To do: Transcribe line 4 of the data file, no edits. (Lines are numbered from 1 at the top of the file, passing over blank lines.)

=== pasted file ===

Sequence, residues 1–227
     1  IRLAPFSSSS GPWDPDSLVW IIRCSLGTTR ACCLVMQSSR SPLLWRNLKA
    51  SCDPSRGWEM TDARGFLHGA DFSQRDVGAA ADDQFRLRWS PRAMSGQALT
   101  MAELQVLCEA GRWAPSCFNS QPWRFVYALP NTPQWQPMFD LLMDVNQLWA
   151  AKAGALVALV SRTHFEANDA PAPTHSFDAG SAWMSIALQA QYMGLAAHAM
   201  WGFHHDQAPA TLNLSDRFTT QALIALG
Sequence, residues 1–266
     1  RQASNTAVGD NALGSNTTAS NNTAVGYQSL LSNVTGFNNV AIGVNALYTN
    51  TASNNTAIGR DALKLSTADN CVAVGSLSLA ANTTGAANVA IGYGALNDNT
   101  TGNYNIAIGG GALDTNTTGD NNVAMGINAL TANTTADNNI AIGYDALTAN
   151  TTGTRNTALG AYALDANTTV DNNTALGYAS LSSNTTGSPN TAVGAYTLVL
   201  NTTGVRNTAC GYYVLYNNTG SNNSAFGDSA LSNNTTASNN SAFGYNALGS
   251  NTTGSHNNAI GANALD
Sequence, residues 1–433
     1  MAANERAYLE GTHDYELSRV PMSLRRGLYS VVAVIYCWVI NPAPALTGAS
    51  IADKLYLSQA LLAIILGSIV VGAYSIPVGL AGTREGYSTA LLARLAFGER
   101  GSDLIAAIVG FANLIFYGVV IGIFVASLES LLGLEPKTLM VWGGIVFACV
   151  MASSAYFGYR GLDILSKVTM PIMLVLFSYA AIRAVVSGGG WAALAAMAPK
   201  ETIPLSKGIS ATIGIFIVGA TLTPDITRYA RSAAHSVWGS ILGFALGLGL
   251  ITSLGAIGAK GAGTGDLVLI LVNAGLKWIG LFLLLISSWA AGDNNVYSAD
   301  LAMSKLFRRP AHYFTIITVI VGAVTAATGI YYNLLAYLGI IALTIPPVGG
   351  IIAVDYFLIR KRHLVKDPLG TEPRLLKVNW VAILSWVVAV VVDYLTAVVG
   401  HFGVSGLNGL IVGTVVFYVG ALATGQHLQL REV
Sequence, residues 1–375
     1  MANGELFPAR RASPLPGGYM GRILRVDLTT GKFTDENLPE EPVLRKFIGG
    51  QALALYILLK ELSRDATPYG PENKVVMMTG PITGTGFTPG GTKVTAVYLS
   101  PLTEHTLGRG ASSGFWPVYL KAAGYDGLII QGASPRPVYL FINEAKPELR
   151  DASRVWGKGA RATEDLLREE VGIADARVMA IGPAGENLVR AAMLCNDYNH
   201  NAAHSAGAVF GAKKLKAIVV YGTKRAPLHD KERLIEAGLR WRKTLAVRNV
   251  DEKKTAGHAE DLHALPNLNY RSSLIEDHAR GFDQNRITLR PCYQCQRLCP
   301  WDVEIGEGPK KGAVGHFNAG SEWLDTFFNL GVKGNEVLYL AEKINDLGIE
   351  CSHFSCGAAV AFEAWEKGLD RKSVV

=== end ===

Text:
   101  MAELQVLCEA GRWAPSCFNS QPWRFVYALP NTPQWQPMFD LLMDVNQLWA